Life Lessons: Losing My Headphones

I lost my headphones at the weekend.

I could spend an age complaining about how this renders me useless RE working in public, or something else equally not important in the grand scale of things (like how my Marco-Polo game was largely unsuccessful), but it's not really the headphones that worry me.

It's the losing of things.

The feeling of something that is there, but somehow also not, is difficult to stand. My headphones, like the thoughts I lose in the middle of the night, are still there somewhere — I know it — I just can't see them right now.

I spent an age retracing my steps yesterday, and recalling my exact whereabouts in a mad-dash headphone hunt. At one point I ended up in the kitchen, dubious but willing to suspend reality in order to consider the possibility I'd left them inside the oven or under the toaster. In some ways I spent too much time looking them. And yet, in the back of my mind, I think they're worth at least three or four more whacky searches under the fridge and between my books.

It's the same way when I lose a word, or entire chapter, that I've been silently working on in my head. There's the same sense of loss, like nothing can ever be right again until whatever is lost returns. There's the same suspension of normal activities, and a similar kind of frustration.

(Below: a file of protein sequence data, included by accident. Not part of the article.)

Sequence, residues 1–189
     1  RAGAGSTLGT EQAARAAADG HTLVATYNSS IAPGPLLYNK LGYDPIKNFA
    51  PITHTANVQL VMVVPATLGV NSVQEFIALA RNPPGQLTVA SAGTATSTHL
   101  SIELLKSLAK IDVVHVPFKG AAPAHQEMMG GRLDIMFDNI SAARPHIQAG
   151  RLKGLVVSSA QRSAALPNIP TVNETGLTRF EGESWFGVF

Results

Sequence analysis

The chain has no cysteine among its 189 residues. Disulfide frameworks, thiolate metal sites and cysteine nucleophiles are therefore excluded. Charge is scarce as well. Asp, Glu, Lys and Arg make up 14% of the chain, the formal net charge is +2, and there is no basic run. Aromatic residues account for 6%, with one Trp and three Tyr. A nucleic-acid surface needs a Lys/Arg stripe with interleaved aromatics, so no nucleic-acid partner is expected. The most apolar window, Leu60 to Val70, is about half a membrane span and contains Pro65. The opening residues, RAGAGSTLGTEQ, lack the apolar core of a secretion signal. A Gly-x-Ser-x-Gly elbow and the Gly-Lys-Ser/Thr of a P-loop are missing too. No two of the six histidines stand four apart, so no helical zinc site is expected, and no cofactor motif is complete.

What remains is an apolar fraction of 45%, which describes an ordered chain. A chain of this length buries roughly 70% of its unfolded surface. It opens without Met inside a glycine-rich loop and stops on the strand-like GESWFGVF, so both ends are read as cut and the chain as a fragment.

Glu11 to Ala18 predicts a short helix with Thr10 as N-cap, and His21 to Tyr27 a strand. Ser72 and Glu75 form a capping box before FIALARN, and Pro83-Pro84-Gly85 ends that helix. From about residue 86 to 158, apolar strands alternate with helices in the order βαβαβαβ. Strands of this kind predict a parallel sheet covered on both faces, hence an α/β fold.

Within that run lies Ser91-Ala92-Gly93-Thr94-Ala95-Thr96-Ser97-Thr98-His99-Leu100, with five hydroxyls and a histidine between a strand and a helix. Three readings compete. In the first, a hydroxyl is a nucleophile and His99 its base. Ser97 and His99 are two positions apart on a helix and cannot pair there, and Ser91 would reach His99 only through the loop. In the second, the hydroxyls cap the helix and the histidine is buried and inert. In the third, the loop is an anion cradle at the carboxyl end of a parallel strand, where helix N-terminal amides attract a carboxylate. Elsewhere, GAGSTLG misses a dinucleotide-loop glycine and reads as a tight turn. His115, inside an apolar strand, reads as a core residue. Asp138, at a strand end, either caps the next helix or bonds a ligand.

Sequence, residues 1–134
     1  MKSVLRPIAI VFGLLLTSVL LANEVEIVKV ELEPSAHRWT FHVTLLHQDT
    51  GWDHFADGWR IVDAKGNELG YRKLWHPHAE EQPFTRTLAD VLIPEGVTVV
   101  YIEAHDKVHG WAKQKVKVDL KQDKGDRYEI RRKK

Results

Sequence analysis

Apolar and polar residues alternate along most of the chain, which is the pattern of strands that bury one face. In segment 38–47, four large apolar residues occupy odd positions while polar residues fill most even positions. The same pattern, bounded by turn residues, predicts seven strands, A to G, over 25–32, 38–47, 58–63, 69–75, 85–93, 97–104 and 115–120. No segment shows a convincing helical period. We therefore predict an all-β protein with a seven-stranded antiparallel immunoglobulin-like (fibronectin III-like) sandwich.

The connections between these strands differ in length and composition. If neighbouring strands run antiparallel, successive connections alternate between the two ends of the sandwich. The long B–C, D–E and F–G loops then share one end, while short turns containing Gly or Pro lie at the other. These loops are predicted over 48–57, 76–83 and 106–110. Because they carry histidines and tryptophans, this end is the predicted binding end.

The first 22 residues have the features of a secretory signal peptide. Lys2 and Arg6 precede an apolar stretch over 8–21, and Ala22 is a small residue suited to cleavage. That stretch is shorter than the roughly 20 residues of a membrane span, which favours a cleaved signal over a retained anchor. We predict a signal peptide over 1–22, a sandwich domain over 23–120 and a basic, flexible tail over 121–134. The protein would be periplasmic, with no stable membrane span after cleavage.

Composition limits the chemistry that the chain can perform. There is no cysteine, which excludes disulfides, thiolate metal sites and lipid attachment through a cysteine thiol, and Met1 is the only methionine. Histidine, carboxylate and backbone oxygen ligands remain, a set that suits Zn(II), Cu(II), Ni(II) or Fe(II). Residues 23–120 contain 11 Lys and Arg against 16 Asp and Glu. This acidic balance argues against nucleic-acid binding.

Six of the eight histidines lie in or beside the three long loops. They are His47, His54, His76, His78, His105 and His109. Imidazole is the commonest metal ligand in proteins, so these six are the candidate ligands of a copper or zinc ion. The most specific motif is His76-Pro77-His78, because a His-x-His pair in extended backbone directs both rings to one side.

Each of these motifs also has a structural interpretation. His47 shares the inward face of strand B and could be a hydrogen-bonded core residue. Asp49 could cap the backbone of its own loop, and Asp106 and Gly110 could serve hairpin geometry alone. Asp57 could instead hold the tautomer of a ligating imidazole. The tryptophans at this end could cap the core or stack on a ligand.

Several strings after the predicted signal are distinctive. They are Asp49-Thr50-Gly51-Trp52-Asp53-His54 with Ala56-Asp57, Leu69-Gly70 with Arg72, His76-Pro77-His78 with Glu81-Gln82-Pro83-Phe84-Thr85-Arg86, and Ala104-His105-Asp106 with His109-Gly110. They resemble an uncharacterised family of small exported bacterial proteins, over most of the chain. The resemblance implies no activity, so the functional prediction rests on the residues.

The only difference between the words and my headphones is how anxious I become about never finding them again. With headphones, if all else fails I can always go get more (don't get me wrong, in an ideal world I will find my original headphones again!). But with my words, and my thoughts, often I am struck by the fear that they will and can never return — that they were with me for only a short period of time, and because my hands would not hold them they saw fit to fly.

I tell myself a great idea or line will always return, because we think in circles and good ideas like to swirl. I repeat it like a mantra, and hope that it's true. But perhaps the reality of lost words is just too hard for me to understand right now; perhaps I use my mantra to lie to myself.

Perhaps all of my lost words remain just that — lost, waiting to be found by somebody better able to hold them. Perhaps, as Jack Kerouac once kind of said, some day I will find the words again and they will be simple.